How Watford has changed throughout the years
PUBLISHED: 00:00 23 March 2020
A new book of historic images of Watford charts the changing town through more than a century. Its author, John Cooper, tells us more.
Standing on the steps of the dominant Watford Town Hall building today, the centre of local civic administration, watching the rush-hour traffic streaming relentlessly down the underpass or heading towards the roundabout, it is difficult to imagine that over a hundred years ago this was a peaceful area known as the Four Crossroads. In those days, all that existed was a signpost indicating the directions to the High Street, St Albans Road, Hempstead Road and Rickmansworth Road, the only traffic being the horse-drawn haywains going to market. A short distance from the crossroads was – and still is, although much changed – the pond, a picturesque oasis where in the early days of the 20th century, carters used to water their horses in the heat of a summer’s afternoon, or where excited youngsters would sail a toy yacht. Today, with the area pedestrianised and a footbridge traversing the water, it now provides a quiet haven to sit and while away a few leisurely moments. One of the more unpopular losses to the town was that of the historic, castellated, Tudor-style Cassiobury Park gates in Rickmansworth Road, which were the entrance to the long driveway leading to Cassiobury House. It was on Friday 24 July 1970 when the demolition men started to reduce part of Watford’s heritage to rubble in order to facilitate a road widening scheme – an act that was deeply felt by Watfordians. Cassiobury House itself, once the seat of the Earls of Essex, had suffered a similar fate 43 years earlier when following the death of the 7th Earl in 1916, his wife Adele, the countess dowager, who had sold the estate in 1922 for building development, was unable to find a purchaser for the house which was then left empty and derelict for a further five years until the magnificent building was razed to the ground. The lasting legacy is the beautiful award-winning Cassiobury Park, once part of the Essex estate and now the jewel in Watford’s crown. Many readers will fondly remember Watford’s two premier department stores: Clements on The Parade and Cawdell’s further down the High Street. These emporiums, both well established in the town, sold all types of goods for every occasion and were indeed a shopper’s paradise where, on entering, one was greeted by an immaculately dressed and debonair floor walker complete with a red carnation buttonhole – a sign of the good old-fashioned service, courtesy and personal attention that have now passed into the mists of time. Cawdell’s was the first to go when a decision to build Charter Place was made, while Clements eventually closed its doors in 2004 after trading for 106 years. Today the old Victorian building is occupied by a B&M retail outlet. Gone too is the old Watford open-air market, where on a Tuesday the weekly livestock sales were held, attracting farmers and traders from miles around – a smelly and noisy place in which to venture. With the gradual decline of brewing in the town, the end finally came when Allied Breweries, previously Benskins, ceased production in the early 1970s – the end of an era and a great loss to Watford. Although the site in Lower High Street was gradually demolished and redeveloped in 1979, the fine Georgian house that had once belonged to John Dyson, the owner of the Cannon Brewery later purchased by Joseph Benskin, remains today as Watford’s prestigious museum. Another good example of a loss turning into a gain would be at Leavesden, where during the Second World War, as an aerodrome and aircraft factory, a large number of Mosquito and Halifax aeroplanes were produced. The site eventually became a subsidiary of Rolls-Royce, building helicopter engines until closure in 1992. During the new millennium, just like the proverbial ‘phoenix rising from the ashes’, Leavesden took on a new lease of life when Warner Bros acquired the site to become one of the largest film-making studios in the world. Possibly the favourite form of entertainment during the interwar years of the 1920s and ’30s and the Second World War was the cinema, in what was generally considered it’s ‘golden age’ and, in this sphere, Watford was well catered for. Cinemas such as the Odeon and Gaumont on The Parade, the Carlton in Clarendon Road, the Essoldo in King Street and the Odeon in St Albans Road to name but a few, where for a couple of hours, patrons could forget the realities of everyday life and enjoy the latest feature films in the smoky atmosphere of the auditorium. Sadly, though, these movie theatres with their Art Deco façades and garish neon lighting are now but a memory, as one by one the final curtain came down and the doors closed for the last time.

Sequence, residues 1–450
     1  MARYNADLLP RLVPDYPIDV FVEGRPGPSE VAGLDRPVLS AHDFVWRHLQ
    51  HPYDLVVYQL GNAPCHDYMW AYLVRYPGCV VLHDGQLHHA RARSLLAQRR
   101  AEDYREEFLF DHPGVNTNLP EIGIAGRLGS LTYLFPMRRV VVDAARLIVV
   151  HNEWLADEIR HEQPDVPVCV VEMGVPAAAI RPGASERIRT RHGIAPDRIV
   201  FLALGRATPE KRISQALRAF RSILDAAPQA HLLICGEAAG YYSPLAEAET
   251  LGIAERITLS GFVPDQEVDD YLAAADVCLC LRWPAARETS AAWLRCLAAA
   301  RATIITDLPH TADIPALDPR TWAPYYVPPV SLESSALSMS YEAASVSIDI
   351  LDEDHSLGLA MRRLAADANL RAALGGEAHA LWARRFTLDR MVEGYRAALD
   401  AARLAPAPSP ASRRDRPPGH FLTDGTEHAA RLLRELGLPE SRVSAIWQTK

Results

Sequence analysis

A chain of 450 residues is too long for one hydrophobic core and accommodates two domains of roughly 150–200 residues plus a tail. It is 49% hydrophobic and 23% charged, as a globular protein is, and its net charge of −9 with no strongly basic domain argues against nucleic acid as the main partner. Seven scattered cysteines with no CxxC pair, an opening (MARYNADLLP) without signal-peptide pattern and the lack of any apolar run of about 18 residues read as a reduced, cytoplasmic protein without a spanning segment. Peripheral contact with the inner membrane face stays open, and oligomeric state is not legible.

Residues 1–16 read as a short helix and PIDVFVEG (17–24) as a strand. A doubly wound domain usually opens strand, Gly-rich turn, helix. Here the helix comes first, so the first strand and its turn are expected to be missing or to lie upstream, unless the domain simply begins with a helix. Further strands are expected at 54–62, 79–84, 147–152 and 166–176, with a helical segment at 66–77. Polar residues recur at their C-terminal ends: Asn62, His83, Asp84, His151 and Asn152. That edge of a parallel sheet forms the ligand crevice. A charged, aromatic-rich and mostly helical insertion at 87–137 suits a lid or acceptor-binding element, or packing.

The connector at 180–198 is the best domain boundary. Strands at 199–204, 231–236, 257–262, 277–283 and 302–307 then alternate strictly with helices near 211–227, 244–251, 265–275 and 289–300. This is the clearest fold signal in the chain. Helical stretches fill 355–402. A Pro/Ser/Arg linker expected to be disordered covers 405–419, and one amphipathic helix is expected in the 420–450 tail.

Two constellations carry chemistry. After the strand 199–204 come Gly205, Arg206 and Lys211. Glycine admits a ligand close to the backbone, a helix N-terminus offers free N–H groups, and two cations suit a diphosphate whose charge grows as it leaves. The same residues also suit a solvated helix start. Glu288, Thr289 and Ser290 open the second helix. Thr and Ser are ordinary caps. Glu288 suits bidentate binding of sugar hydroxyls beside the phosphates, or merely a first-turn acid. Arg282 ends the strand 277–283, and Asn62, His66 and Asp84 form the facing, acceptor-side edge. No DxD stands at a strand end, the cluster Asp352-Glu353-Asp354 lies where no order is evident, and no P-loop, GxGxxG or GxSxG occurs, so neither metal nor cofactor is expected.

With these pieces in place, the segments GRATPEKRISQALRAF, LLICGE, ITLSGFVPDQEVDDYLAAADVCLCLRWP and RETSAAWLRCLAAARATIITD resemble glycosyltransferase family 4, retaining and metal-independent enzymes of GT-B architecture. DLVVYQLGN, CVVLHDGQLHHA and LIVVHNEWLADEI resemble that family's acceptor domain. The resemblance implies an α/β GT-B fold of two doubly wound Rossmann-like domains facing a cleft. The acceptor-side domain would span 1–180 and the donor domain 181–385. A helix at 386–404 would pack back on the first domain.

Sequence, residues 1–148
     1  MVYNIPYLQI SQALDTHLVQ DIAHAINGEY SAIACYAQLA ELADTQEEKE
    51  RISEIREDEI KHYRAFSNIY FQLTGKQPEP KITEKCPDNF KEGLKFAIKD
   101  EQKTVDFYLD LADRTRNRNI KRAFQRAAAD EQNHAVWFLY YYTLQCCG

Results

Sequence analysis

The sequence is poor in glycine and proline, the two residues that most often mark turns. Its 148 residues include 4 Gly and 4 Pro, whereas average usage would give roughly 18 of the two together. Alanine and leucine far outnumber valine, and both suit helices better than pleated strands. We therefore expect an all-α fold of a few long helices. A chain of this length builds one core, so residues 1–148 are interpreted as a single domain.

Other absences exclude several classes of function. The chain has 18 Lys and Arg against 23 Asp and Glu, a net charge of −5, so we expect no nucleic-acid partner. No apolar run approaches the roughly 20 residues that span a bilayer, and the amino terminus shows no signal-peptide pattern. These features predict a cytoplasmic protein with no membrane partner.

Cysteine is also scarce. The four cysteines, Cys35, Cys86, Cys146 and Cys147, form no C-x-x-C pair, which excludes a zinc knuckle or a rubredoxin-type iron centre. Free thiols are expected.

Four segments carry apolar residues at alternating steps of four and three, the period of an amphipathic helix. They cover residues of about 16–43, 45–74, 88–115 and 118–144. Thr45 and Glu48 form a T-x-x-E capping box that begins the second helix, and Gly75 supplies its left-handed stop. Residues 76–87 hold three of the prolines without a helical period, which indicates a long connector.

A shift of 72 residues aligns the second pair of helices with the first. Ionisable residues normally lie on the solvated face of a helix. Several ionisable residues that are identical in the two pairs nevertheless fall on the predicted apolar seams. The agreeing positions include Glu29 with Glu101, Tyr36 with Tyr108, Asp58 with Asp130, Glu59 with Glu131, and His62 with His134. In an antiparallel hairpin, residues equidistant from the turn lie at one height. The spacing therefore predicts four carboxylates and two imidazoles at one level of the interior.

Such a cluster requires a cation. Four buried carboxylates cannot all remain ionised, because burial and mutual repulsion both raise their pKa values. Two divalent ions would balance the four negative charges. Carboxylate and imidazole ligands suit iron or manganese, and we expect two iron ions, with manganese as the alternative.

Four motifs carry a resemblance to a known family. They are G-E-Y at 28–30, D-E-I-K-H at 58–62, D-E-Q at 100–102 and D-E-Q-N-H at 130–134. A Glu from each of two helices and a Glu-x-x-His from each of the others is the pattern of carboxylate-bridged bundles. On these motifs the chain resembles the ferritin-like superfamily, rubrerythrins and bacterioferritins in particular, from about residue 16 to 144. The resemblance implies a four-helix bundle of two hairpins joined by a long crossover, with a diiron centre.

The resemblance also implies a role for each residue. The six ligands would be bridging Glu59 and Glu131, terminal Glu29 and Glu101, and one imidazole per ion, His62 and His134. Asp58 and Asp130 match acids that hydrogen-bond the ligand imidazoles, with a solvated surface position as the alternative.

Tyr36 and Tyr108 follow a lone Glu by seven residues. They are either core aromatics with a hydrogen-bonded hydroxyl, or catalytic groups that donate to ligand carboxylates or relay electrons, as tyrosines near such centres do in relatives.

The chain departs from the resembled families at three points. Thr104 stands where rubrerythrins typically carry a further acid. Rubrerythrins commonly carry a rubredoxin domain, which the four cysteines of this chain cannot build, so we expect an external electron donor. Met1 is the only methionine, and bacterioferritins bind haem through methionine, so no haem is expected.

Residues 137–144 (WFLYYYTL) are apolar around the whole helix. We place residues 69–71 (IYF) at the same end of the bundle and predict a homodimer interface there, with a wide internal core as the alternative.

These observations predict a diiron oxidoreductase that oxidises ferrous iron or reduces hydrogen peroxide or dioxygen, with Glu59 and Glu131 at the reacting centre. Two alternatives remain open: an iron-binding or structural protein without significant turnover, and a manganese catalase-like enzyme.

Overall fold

Despite the many losses, changes and modernisation that have taken place in and around the town as part of continuing progress, Watford can be justifiably proud of its history and can continue to treasure all that it still has for the benefit of future generations. Lost Watford by John Cooper is published by Amberley, priced £14.95.
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